Amazon is the latest multinational firm to bow to state censorship to continue selling its products in China.
The electronic commerce company, founded by Jeff Bezos in 1994, offers cloud based services within the secretive state's economy.
A controversial cybersecurity crackdown came into effect last month that tightened restrictions on freedom of speech online, imposing new rules on service providers.
Apple also sparked criticism in recent days after removing software from its app store that allowed internet users to skirt the country's controls.
Amazon is the latest multinational firm to bow to state censorship to continue selling its products in China. The electronic commerce company, founded by Jeff Bezos in 1994, offers cloud based services within the secretive state's economy (stock image)
China requires foreign companies to partner with local businesses and forbids them from owning a controlling stake in the firm, according to reports in the New York Times.
In a further tightening in restrictions, China has proposed banning multinationals from using their own brand name to promote their services.
The new laws would also oblige them to cut off access and report any behaviour by customers that contravenes the country's laws.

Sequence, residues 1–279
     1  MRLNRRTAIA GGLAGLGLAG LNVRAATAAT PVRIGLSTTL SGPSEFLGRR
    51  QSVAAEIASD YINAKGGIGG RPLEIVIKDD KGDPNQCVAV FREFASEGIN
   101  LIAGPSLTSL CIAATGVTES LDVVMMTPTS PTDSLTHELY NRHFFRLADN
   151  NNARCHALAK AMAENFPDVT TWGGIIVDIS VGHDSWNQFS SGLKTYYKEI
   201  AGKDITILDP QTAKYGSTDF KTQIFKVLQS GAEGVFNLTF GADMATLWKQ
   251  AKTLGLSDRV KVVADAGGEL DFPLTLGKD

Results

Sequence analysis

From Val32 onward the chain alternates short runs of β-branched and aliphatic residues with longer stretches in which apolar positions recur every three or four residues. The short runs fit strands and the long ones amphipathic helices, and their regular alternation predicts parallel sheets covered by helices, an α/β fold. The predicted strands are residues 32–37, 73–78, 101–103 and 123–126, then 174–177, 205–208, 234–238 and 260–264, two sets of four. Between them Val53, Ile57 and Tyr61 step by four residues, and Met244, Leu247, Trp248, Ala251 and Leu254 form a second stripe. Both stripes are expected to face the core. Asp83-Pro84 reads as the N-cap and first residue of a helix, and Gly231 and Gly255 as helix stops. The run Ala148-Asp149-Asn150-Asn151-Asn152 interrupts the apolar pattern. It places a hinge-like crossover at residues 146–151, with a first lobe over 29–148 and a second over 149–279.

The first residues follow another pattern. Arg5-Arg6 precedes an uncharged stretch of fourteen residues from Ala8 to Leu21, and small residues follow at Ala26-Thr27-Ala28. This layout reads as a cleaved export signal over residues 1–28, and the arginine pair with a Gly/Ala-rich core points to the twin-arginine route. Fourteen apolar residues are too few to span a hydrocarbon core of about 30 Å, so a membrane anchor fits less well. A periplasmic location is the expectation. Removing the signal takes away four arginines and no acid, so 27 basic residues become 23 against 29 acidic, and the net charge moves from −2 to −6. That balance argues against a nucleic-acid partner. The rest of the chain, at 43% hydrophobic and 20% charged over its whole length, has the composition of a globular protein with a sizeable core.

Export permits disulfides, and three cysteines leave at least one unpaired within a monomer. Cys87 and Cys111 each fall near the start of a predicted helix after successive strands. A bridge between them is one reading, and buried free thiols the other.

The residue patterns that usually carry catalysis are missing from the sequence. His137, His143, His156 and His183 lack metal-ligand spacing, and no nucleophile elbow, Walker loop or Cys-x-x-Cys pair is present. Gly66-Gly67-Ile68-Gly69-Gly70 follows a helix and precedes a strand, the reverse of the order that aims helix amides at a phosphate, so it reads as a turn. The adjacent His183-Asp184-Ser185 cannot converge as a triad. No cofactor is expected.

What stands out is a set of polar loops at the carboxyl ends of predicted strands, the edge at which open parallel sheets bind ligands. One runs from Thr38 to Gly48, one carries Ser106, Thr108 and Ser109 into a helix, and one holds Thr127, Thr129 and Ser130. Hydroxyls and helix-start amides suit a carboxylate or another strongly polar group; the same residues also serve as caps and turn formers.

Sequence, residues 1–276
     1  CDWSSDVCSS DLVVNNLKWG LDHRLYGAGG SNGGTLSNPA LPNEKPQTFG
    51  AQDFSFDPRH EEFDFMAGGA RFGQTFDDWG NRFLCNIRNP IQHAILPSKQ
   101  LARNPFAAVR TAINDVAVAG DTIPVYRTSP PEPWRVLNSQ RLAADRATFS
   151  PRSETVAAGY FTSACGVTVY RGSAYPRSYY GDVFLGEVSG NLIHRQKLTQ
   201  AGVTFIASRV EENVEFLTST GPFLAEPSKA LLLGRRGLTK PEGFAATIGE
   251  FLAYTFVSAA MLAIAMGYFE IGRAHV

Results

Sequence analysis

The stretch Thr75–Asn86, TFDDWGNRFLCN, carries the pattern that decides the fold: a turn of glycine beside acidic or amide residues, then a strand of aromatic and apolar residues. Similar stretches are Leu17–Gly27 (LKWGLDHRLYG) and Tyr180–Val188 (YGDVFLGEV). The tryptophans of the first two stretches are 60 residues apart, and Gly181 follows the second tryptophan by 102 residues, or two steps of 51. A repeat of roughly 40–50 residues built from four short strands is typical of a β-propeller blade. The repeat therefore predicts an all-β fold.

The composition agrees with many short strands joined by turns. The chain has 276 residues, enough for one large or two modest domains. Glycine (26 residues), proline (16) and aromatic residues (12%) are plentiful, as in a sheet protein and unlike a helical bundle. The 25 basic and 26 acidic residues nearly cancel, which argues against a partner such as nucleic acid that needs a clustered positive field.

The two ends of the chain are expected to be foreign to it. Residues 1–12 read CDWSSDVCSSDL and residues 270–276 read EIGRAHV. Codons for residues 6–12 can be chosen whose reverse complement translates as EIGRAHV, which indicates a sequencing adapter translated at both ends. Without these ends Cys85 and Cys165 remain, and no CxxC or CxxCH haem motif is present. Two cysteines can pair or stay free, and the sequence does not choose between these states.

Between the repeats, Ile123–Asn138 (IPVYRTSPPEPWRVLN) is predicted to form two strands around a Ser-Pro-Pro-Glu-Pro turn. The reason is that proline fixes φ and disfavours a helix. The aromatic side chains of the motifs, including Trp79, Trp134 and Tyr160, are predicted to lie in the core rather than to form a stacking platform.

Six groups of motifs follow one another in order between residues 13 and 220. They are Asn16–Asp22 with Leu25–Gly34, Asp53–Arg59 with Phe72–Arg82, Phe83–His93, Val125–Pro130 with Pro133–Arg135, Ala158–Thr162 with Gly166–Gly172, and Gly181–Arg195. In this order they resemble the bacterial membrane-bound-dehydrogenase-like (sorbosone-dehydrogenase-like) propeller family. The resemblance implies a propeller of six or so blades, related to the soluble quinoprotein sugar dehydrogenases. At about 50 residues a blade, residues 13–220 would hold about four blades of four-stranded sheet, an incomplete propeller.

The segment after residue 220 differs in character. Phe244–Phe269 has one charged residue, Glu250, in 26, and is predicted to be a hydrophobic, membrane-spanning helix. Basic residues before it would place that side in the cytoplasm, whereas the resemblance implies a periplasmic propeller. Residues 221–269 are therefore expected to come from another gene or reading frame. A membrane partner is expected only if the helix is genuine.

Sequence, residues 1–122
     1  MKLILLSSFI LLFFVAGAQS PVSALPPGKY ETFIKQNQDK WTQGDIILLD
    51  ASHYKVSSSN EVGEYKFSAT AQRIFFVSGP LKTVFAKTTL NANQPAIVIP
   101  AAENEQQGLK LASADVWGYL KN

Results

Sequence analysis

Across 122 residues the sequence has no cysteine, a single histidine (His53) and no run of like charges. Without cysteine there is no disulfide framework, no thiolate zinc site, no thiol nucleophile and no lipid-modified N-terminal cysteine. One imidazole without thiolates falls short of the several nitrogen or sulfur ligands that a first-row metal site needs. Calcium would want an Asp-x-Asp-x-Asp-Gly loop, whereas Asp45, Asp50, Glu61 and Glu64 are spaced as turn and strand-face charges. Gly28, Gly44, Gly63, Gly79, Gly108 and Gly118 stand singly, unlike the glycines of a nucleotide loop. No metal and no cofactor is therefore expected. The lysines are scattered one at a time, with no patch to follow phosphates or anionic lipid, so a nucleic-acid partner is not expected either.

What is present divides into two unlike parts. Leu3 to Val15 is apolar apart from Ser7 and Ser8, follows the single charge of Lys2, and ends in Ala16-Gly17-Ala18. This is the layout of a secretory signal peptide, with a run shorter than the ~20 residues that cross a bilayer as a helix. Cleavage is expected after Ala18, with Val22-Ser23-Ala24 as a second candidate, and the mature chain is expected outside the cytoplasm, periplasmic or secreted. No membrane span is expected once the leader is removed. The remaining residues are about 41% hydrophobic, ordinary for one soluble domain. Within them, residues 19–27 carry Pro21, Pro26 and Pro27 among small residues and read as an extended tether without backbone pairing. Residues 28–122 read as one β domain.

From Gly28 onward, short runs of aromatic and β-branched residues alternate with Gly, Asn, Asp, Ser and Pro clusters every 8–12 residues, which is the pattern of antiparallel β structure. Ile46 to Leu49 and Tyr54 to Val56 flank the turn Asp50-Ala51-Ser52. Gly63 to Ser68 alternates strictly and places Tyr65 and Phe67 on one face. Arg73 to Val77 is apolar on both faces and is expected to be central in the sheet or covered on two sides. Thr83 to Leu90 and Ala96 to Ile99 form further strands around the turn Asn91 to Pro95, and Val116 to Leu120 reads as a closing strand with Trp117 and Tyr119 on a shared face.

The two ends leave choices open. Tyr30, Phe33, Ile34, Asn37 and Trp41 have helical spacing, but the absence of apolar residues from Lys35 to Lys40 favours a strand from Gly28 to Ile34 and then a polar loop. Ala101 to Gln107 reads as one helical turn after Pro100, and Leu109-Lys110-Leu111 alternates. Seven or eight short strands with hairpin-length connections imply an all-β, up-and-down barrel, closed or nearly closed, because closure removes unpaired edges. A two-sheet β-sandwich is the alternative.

Although Amazon is a small player in the cloud computing market in China, it has been keen to grow its services.
It has also been working on a Chinese language version of the Kindle, in conjunction with state-run telecom China Mobile.
Amazon web services operates in partnership with Beijing Sinnet Technology to provide cloud computing in the country.
This includes website hosting, Virtual Private Networks (VPNs) and other services which can be used to circumvent the Great Firewall of China, the nickname given to the series of draconian censorship measures in force online in the communist state.
But Sinnet has warned its customers via a series of emails that anyone using the platform to do should cease immediately.
Clients who queried the communications were met with a recorded message, according to reports in the New York Times.
In it, a company spokesman called Ms Wang said: 'If users don't comply with the guidance, the offered services and their websites can be shut down.
'We the operators also check routinely if any of our users use these softwares or store illegal content.'
MailOnline has contacted Amazon for a comment but had not received a reply at the time of publication.
Chinese internet users have for years sought to get around heavy internet restrictions by using foreign VPN services.
Apple has also parked criticism after removing software from from its app store that allows internet users to skirt China's' Great Firewall. China has hundreds of millions of smartphone users and is a vital market for Apple (stock image)